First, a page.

Minnesota will ensure vulnerable residents continue to get services amid the federal shutdown, Gov. Tim Walz said Tuesday, but the state faces potential reimbursement fights, staff layoffs and negative economic impacts if the stalemate drags on.
As the longest shutdown in U.S. history marked its 25th day Tuesday, Walz said his staff is assessing the federal grant money the state depends on for highways, Medicaid, veterans’ health care, assistance for needy families and other services. If the shutdown continues much longer, the state may have to send layoff notices to certain staff members and have legislators sign off on using state money to fund programs.
“Promises made to people should be kept,” Walz said of basic services, like food assistance. “So this is our commitment to do it. As it stands right now, the state of Minnesota is prepared to continue on basically until the 15th of February.”
Walz left Congress to become governor of Minnesota, but from the beginning of his new job in St. Paul the Democrat has found himself mired in the side effects of Washington, D.C., dysfunction. He debuted his shutdown plan at a news conference Tuesday, flanked by advocates for the state’s neediest residents as well as state agency commissioners and legislators — both Republicans and Democrats.
The governor has not yet needed to approach the Legislature to ask for money to cover federal programs. But if he does, Walz said it will be important that the bills say the federal government is expected to reimburse state expenses. Walz’s general counsel is working with Minnesota Attorney General Keith Ellison to also look at legal options to ensure Minnesota gets money back for any costs it incurs.
“We’re prepared to take legal action,” Ellison said, adding that his office could potentially team up with other attorneys general in a multistate lawsuit.
The governor’s administration is also talking with American Indian tribes about ways to assist them during the shutdown. Walz has reached out to the state’s Congress members to urge them to help Minnesotans and said he is working with governors of other states to advocate for states’ needs. A statewide contingency response team is following up on these initial steps and will look at how the plan should evolve.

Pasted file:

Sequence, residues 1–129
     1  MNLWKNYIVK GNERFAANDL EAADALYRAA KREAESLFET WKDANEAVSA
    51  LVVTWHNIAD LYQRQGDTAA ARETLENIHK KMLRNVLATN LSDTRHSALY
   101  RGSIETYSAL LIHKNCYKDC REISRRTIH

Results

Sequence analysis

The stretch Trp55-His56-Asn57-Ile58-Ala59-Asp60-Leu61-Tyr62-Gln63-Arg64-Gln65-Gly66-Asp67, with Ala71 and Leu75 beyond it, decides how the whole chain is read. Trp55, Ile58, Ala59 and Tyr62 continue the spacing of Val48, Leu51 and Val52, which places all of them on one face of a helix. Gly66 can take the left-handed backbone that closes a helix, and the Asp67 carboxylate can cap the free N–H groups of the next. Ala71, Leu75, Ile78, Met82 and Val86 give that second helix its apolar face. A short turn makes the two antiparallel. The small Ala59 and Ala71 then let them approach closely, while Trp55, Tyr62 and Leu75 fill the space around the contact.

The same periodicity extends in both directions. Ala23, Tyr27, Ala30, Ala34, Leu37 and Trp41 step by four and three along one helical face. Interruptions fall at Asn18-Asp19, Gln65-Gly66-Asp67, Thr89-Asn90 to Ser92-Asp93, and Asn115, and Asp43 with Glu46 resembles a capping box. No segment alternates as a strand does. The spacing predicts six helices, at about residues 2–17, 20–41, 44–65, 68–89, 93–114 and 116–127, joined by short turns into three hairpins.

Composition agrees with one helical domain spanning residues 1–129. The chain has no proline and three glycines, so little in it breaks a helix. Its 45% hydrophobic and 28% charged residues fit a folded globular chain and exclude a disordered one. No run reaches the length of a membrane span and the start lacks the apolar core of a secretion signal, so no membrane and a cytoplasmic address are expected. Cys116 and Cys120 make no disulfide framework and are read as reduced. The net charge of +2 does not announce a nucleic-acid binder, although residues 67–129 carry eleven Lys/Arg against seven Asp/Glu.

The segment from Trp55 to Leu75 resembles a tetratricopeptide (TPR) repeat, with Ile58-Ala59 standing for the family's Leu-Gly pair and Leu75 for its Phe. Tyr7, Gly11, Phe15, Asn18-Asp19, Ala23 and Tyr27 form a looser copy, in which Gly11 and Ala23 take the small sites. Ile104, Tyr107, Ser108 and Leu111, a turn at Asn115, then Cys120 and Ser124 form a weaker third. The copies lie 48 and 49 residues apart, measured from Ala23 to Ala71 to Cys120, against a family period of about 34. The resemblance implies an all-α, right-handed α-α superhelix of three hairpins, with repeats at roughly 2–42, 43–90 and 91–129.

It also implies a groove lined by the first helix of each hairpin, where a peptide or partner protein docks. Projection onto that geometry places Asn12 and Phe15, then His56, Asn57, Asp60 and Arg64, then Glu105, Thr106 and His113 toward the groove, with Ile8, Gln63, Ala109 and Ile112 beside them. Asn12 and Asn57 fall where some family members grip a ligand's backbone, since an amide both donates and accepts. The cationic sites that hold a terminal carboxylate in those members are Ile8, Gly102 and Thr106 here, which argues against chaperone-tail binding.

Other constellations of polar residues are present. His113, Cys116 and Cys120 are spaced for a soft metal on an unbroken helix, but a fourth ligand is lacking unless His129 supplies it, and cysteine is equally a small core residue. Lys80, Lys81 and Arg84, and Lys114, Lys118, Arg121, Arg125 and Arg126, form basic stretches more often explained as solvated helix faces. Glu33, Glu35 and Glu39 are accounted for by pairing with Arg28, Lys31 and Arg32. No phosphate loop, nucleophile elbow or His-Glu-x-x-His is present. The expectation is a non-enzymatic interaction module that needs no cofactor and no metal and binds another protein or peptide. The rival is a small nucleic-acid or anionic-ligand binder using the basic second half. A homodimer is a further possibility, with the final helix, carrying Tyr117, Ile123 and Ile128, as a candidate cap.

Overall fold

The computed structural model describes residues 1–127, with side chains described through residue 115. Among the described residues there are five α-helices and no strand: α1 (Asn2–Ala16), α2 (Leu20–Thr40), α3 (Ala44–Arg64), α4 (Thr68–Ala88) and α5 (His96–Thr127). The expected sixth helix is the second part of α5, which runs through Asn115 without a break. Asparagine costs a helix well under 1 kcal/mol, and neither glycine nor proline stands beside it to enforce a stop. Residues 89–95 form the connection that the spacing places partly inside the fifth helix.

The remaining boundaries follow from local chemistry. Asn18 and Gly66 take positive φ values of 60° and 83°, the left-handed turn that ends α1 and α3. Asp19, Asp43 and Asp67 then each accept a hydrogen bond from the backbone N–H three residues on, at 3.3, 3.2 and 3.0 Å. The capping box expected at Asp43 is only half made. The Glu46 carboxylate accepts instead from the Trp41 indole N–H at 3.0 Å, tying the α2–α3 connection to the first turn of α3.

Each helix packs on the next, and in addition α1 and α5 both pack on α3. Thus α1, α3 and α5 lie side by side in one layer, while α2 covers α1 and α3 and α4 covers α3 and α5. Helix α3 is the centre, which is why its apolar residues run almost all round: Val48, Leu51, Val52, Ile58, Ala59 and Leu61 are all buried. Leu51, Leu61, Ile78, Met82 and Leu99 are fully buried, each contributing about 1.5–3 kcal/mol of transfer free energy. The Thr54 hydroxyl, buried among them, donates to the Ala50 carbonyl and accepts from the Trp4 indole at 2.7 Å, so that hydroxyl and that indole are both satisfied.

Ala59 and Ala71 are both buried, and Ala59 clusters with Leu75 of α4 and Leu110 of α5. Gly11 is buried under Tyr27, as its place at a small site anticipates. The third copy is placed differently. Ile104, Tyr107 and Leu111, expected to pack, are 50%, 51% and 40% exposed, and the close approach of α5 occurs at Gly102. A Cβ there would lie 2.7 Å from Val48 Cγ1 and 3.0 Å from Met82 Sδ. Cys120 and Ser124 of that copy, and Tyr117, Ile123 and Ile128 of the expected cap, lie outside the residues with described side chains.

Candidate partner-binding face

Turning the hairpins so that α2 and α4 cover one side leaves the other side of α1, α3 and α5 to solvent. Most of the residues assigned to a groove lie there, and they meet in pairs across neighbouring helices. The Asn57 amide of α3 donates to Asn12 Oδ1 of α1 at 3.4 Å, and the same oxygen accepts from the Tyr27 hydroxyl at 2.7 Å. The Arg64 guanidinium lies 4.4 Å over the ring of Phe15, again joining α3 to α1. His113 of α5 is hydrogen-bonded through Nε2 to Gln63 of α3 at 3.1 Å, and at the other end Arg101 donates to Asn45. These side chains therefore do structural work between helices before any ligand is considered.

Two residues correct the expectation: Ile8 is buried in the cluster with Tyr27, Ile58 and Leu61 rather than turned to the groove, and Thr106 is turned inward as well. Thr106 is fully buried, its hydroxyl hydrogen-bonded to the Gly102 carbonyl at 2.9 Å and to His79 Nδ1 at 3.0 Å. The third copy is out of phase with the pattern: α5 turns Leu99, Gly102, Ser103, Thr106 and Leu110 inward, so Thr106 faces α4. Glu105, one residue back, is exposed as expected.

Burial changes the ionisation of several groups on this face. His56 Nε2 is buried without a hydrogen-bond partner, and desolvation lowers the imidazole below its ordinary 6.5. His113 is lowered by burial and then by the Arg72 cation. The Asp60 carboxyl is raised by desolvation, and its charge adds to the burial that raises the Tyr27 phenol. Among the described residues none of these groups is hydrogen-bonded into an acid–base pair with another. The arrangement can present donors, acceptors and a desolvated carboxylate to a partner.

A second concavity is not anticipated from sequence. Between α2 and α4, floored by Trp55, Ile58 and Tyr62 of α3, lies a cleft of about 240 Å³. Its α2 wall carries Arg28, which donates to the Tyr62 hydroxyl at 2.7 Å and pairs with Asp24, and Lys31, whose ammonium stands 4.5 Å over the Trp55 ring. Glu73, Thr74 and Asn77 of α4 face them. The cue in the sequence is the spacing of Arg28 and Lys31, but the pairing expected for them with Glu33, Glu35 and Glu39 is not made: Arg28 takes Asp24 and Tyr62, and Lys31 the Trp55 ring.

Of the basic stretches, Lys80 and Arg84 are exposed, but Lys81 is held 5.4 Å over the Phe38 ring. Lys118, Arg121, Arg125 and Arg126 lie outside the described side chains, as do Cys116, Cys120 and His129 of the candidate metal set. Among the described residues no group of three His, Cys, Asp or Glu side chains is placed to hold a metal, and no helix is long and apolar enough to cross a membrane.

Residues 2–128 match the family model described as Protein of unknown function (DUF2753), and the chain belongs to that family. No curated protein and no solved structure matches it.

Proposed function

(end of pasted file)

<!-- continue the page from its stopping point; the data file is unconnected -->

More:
Walz was hesitant to assign political blame at the news conference but said federal agencies’ funds should not be tied to the border security debate. House Minority Leader Kurt Daudt, R-Crown, stood alongside Walz and said they should unite on areas of agreement, like making sure the state’s most vulnerable get services.
However, Republican Party of Minnesota Chairwoman Jennifer Carnahan issued a statement afterward saying Walz and Ellison should ask their Democratic friends in Washington, D.C., to negotiate.
“Unfortunately, today, Governor Walz made it clear he is not listening to Minnesotans who are calling on their elected officials to secure our border,” Carnahan said.
Minnesota receives about $1 billion in federal funding every month. With about a quarter of federal operations affected by the partial shutdown, the state is experiencing problems with only a portion of that money. The state is estimated to have spent tens of millions, and potentially $100 million, on federal programs where the reimbursements are tied up by the shutdown.
The large group of faith leaders, school staff and commissioners at Tuesday’s news conference said the cash is critical for those who rely on programs like the Supplemental Nutrition Assistance Program, commonly known as SNAP. “Food can’t wait. You know, you run out of food, 2 p.m. in the afternoon it starts getting real,” Department of Human Services Commissioner Tony Lourey said, noting that the elderly, children and people with disabilities all depend on the food assistance program.
SNAP funding will continue through February, but the U.S. Department of Agriculture is issuing the benefits earlier than usual because of the shutdown. The state is trying to alert recipients that the benefits they will receive around Jan. 20 need to last through the end of next month.
The shutdown adds another level of complexity as Walz’s new administration draws up its first budget proposal due in mid-February. A federal shutdown creates uncertainty and can result in an economic slowdown, Management and Budget Commissioner Myron Frans said.
“A 25-day shutdown starts to have serious negative economic consequences,” he said.
If the shutdown continues, it could affect more members of the state’s workforce. There are about 6,100 federal employees in Minnesota who are furloughed or working without pay.
Additionally, about 3,000 state employees are paid, at least in part, by federal dollars. Management and Budget officials are still developing a detailed breakdown of the shutdown’s impacts on programs and figuring out how many of those 3,000 people might have to be laid off.
“There are a lot of decision points coming up in the very near future,” Frans said.